For i As Integer = 0 To types.Length - 1
                If (types(i).IsClass And _
                    types(i).BaseType.FullName.Equals _
                        ("Microsoft.Office.Tools.Ribbon.OfficeRibbon")) _
                    useMSORibbon = True
                    Exit For
                End If

            If (Not useMSORibbon) Then
                ADXModule.Initialize(Me, _
                Return ADXModule.CurrentInstance
            End If
        End If

        Return MyBase.RequestService(serviceGuid)
    End Function

End Class

Please, pay attention to the ExcelApp property of the module. You can use it in your code to get access to Excel objects.

Step 3. Add-in Express designer

The designer of the add-in module allows setting add-in properties and adding components to the module. To open the designer, right-click the add-in module in Solution Explorer and choose the View Designer popup menu item (see Adding components to the Add-in Module).

Add-in module properties

The designer provides add-in properties and a number of events including add-in events, Excel events, Ribbon control events, and custom task pane related events. It is also a container for Add-in Express components that can be added to the module via the context menu of the designer.

The following commands add the following components to the module:

  • Add CommandBar - adds a command bar to your add-in (see Command bars)
  • Add Explorer CommandBar - adds an Outlook Explorer command bar to your add-in
  • Add Inspector CommandBar - adds an Outlook Inspector command bar to your add-in
  • Add Built-in Control Connector - adds a component that allows intercepting the action of a built-in control of the host application(s) (see Built-in Control Connector)
  • Add Keyboard Shortcut- adds a component that allows intercepting application-level keyboard shortcuts (see Keyboard shortcut)
  • Add Outlook Bar Shortcut Manager - adds a component that allows adding Outlook Bar shortcuts and shortcut groups (see Outlook Bar Shortcut Manager)
  • Add Outlook Forms Manager - adds a component that allows embedding custom .NET forms into Outlook windows (see Outlook Forms Manager)
  • Add Ribbon Tab - adds a Ribbon tab to your add-in (see Office 2007 Ribbon components)
  • Add Ribbon Quick Access Toolbar - adds a component that allows customizing the Ribbon Quick Access Toolbar in your add-in
  • Add Ribbon Office Menu - adds a component that allows customizing the Ribbon Office Menu in your add-in

In the Properties window, you set the name and description of your add-in (see also Add-in Express module).

Step 4. Adding a new command bar

To add a command bar to your add-in, use the Add CommandBar command that adds an ADXCommandBar component to the Add-in Module.

Command bar component

Select the command bar component and, in the Properties window, specify the command bar name using the CommandBarName property. In addition, you choose its position in the Position property. (See also Command bars).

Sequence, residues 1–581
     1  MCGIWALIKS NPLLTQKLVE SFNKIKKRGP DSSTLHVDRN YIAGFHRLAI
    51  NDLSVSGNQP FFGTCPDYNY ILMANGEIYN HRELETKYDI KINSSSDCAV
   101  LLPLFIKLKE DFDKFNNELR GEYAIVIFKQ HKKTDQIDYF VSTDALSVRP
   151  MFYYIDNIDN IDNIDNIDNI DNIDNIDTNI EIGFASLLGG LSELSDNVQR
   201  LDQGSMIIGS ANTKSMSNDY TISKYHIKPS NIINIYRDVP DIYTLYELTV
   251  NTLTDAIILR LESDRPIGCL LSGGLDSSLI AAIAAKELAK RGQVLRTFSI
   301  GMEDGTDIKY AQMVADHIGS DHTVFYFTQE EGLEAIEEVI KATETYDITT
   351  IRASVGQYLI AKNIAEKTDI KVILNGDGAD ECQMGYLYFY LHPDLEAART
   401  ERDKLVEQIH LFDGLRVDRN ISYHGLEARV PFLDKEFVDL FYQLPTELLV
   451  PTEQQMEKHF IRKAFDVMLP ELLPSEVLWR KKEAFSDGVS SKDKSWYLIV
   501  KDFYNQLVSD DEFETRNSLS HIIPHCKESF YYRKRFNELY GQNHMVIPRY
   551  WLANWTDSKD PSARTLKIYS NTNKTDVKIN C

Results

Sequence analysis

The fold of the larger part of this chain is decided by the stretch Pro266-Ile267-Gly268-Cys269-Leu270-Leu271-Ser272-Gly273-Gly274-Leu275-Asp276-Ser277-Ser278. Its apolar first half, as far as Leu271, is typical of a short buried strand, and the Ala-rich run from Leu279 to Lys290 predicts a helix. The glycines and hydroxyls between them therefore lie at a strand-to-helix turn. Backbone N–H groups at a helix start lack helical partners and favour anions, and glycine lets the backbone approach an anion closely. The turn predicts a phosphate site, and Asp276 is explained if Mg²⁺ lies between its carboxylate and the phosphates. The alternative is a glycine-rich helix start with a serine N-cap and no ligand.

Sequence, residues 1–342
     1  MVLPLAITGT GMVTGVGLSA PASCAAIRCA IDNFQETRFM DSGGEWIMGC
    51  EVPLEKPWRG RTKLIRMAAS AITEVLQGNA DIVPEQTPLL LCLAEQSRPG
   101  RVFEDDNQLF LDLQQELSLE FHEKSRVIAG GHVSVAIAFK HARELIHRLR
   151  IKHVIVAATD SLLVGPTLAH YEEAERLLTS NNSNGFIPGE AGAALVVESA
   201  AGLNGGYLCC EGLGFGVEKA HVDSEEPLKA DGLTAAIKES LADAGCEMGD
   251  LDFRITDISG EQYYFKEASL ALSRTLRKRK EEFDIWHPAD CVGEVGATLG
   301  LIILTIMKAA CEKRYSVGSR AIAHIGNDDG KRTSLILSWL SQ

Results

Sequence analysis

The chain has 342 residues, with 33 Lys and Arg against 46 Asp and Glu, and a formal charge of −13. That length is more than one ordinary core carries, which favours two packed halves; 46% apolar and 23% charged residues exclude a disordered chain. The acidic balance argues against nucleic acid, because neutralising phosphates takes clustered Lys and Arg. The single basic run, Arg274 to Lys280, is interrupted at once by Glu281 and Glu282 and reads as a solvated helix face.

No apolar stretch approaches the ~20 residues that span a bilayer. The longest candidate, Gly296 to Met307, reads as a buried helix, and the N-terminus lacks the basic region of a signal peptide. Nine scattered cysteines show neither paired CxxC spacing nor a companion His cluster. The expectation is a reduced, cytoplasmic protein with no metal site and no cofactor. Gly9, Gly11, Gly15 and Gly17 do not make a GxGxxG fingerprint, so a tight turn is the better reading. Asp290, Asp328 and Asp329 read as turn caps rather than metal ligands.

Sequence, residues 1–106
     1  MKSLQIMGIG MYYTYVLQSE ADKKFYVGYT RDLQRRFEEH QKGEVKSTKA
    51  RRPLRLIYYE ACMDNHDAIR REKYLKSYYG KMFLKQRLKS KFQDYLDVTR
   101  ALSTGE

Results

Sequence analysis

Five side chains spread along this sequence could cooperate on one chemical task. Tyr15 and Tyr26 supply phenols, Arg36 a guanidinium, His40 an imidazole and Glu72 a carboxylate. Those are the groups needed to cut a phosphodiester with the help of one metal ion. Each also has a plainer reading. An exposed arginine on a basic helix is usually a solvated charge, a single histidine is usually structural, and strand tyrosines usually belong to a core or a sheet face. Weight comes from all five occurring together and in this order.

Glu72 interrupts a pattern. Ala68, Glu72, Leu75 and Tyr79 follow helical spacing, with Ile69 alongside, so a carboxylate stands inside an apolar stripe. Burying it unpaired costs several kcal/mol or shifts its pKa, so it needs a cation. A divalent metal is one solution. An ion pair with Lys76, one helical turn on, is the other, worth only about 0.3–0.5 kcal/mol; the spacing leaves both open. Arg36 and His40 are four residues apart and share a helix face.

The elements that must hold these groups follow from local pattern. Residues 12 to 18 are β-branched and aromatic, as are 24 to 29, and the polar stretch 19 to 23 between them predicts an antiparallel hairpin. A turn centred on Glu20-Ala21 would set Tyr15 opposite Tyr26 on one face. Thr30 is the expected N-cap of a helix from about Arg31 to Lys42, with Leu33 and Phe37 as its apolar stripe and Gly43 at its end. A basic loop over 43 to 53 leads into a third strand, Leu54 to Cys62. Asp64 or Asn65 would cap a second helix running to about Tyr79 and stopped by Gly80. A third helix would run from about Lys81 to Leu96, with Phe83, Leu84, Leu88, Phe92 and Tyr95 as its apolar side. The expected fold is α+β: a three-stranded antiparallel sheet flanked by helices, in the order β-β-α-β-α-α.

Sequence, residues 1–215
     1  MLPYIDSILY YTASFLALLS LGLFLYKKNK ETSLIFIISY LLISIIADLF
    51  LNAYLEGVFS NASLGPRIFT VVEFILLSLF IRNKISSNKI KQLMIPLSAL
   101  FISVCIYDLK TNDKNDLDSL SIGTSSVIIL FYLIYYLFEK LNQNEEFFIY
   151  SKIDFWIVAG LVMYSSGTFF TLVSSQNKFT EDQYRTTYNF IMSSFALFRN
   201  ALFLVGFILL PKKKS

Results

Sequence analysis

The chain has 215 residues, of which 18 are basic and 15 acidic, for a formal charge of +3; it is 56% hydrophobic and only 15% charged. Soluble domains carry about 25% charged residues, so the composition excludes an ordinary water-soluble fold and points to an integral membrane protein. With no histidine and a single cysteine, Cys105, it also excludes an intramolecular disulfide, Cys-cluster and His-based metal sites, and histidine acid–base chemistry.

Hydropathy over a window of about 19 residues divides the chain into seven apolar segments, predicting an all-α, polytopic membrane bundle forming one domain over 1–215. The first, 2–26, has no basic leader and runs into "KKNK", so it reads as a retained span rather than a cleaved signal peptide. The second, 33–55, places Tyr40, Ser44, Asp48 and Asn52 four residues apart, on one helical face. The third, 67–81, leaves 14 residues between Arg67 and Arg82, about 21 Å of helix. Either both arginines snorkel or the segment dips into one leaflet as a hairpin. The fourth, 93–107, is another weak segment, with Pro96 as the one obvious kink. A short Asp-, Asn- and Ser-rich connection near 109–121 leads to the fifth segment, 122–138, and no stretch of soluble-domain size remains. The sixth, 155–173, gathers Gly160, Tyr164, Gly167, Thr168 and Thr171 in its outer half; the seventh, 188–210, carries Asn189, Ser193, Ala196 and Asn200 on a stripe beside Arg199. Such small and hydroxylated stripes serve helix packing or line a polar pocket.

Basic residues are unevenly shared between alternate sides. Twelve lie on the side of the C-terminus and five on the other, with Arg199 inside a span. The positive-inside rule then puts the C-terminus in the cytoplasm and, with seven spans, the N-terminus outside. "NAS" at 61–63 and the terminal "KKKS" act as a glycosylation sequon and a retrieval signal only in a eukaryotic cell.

Specifying the position of a custom command bar

Step 5. Adding a new toolbar button

To add a new button to the Office add-in toolbar, choose the Controls property, and click the property editor button.

Adding a new button to the Office add-in toolbar

Specify the button's Caption property, set the Style property (default value = adxMsoButtonCaption), and close the collection editor. To handle the Click event of the button, select the added button in the topmost combo of the Properties window and add the Click event handler.

Step 6. Accessing host application objects

The Add-in Module provides the HostApplication property that returns the Application object (of the Object type) of the host application the add-in is currently running in. For your convenience, the Add-in Express Project Wizard adds host-related properties to the Add-in module. You use these properties to access host application objects. For instance, this sample add-in has the ExcelApp property in the Add-in Module:

Public ReadOnly Property ExcelApp() As Excel._Application
        Return HostApplication
    End Get
End Property

This allows us to write the following code to the Click event of the newly added button.

Private Sub DefaultAction(ByVal sender As System.Object) _
    Handles AdxCommandBarButton1.Click
    MsgBox("The current cell is " + GetAddress())
End Sub

Friend Function GetAddress() As String
    Dim Address As String = "Unknown"
    Dim ActiveWindow As Excel.Window = Me.ExcelApp.ActiveWindow
    If Not ActiveWindow Is Nothing Then
        Dim ActiveCell As Excel.Range = ActiveWindow.ActiveCell
        'relative address
        Address = ActiveCell.AddressLocal(False, False)
    End If
    Return Address
End Function

The use of Marshal.ReleasComObject is described in Releasing COM objects.

Step 7. Customizing the main menu